The Normal Heart

The-Normal-Heart-Mark-Ruffalo-Matt-Bomer

Growing up, coming of age and coming out at the tail-end of the AIDS crisis was a total mind-fuck of terrifying, confusing, emotionally-scarring proportions. (Run that “Pride” meme round your head why don’t you, while contemplating the Gay Cancer….) So: I missed out on the glorious bacchanalia, and landed at a time of fear and shame and grief. Larry Kramer’s play The Normal Heart was, I think, the very first time that I read a text that brimmed, not with bewildered helplessness and mild exhortations to do better, but with so much anger, so much righteous indignation, so much disgust for those who did nothing. The movie of the play follows the same journey – of grumpy, anti-social Ned Weeks (played with a pent-up, bristling fury by Mark Ruffalo) who goes on the offensive when AIDS first hits his circle of friends, and lobbies with outspoken ferocity for the resources to tackle the crisis. It’s a fantastic film. Ruffalo is excellent and Matt Bomer is just lovely as Ned’s dying boyfriend Felix – it’s a moving, devastating, beautiful star turn from him. And the rest of the cast – Julia Roberts, Jim Parsons, Taylor Kitsch, Jonathan Groff to name but few – uniformly excellent. For obvious reasons, I found it intensely personal and distressing and I sobbed quietly the whole way through.

In Time

In In Time, Justin Timberlake and Amanda Seyfried are given a single metaphorical conceit – time is money – and asked to streeeeeeeeeetch it out into an entire 90 minute movie….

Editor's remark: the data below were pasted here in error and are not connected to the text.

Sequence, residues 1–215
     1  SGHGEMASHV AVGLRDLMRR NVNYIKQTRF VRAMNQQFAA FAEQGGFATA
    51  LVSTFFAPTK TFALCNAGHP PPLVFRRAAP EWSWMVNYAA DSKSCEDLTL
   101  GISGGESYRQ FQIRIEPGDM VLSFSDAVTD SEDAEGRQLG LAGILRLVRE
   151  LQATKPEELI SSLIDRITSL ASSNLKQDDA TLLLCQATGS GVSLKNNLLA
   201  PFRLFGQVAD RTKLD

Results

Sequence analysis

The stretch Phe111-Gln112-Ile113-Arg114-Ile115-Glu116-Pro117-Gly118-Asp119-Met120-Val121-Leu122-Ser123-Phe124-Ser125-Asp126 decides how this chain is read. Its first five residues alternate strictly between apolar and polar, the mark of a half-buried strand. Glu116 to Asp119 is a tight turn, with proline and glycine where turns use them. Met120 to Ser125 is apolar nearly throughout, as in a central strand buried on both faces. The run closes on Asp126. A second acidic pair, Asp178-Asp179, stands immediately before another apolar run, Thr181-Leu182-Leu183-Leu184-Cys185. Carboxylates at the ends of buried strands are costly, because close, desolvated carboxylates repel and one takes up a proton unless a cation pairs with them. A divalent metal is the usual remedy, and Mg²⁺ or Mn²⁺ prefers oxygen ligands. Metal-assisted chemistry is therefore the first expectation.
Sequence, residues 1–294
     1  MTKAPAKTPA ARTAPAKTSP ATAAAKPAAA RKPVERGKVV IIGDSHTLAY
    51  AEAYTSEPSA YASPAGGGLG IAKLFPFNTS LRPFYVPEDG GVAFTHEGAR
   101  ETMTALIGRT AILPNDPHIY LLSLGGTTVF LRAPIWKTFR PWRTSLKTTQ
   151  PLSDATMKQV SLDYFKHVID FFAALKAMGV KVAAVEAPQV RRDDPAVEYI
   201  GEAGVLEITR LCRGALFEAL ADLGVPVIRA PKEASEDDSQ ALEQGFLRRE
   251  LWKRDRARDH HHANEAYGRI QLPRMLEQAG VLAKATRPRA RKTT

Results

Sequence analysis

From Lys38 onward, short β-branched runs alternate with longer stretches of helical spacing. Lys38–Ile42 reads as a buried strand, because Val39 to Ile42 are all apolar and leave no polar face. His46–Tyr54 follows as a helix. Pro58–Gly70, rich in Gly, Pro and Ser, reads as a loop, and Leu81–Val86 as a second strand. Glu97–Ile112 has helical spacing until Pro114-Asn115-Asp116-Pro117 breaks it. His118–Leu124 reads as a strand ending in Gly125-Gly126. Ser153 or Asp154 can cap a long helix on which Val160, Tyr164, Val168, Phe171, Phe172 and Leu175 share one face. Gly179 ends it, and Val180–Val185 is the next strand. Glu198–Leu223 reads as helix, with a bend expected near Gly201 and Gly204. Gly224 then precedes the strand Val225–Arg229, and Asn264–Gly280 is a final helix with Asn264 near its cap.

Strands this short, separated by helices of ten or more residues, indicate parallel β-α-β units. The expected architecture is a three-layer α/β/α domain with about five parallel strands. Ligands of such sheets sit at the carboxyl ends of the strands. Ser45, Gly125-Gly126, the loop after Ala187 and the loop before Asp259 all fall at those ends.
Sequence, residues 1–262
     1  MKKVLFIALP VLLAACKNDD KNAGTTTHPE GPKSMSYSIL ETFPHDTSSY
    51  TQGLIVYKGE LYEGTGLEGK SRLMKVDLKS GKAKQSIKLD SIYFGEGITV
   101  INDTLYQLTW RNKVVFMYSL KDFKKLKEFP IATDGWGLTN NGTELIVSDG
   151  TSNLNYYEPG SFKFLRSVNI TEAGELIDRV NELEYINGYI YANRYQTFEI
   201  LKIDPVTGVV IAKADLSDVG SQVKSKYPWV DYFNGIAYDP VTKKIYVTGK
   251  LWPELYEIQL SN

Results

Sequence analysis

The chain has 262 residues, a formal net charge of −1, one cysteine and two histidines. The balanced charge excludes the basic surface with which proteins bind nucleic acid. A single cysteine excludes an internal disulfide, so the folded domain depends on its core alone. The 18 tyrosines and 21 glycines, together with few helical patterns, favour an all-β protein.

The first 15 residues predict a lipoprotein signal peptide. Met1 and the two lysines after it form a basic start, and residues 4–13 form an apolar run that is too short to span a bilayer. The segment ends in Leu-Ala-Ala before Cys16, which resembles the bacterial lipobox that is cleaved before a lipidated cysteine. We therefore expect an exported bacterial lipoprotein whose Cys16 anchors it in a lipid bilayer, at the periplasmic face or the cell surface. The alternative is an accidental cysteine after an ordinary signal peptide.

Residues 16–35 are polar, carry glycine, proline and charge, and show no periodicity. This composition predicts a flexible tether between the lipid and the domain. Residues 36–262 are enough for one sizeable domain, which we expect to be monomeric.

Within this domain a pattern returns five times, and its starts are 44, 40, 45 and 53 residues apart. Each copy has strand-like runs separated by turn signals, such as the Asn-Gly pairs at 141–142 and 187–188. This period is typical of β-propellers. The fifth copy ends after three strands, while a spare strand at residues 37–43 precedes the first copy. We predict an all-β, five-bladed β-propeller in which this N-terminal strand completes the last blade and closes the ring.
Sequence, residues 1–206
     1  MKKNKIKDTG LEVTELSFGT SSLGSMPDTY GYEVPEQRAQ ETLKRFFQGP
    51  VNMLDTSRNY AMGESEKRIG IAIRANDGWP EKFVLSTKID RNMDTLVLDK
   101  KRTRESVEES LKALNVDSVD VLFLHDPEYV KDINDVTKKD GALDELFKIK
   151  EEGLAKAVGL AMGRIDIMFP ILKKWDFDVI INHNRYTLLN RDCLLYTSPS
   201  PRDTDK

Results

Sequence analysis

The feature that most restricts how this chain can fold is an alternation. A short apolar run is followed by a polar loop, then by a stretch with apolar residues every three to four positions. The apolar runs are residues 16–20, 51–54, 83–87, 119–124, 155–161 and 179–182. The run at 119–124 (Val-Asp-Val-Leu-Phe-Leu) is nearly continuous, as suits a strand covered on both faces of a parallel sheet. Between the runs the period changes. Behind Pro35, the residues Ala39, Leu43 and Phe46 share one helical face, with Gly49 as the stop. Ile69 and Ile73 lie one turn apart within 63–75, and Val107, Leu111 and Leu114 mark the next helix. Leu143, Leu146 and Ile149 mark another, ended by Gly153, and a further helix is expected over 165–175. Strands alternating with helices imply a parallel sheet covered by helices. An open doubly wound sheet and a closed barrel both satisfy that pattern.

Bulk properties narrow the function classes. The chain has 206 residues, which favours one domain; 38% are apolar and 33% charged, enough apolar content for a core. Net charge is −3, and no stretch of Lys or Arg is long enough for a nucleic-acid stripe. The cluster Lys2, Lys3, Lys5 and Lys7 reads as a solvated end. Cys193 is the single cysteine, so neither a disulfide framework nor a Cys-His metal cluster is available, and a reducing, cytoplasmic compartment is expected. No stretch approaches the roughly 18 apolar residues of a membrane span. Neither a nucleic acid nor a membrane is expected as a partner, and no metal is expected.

The results are not entirely unpleasing or unsuccessful – it’s got dashing Matt Bomer for a bit at the beginning, so how could it not be? And some of the social implications of such a dystopian society are nicely done. But basically, Justy and Mands really get to run about a lot like a chemistry-less Bonnie and Clyde, robbing banks and dodging both the law and fellow criminals. Meh, I thought.

Mostly because I found it very very difficult to suspend disbelief. I was continually distracted by whether the movie’s universe is futuristic or alternative, or whether people would ever be stupid enough to ever actually replace money with time, and at what point the ditching of dollars for youth took place. Of course, I don’t think anyone would willingly give up control over their lives in this simplistic way – but then I wouldn’t have thought people would accept the concept of monarchy and eternal second class citizenship in 2012 either, and if this week in Blighty is anything to go by, apparently they do. In Time filmed in and around downtown LA, and I’m reminded I need to re-watch this film once I’ve stayed there during LTS later this month.